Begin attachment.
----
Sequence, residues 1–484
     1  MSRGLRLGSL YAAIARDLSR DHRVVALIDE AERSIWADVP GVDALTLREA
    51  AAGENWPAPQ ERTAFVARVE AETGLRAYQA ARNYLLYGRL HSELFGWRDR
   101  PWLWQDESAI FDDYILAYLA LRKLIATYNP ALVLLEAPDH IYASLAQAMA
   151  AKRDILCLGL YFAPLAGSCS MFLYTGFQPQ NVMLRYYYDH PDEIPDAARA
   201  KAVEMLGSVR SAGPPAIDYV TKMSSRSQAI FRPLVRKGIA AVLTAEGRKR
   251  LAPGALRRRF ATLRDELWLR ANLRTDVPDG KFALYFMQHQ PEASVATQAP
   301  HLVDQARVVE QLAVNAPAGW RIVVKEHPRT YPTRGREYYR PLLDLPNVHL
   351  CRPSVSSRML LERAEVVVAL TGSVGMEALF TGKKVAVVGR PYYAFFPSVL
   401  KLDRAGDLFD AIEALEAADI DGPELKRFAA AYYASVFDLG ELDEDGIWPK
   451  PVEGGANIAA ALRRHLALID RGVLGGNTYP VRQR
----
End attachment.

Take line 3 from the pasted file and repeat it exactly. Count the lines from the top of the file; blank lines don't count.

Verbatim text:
    51  AAGENWPAPQ ERTAFVARVE AETGLRAYQA ARNYLLYGRL HSELFGWRDR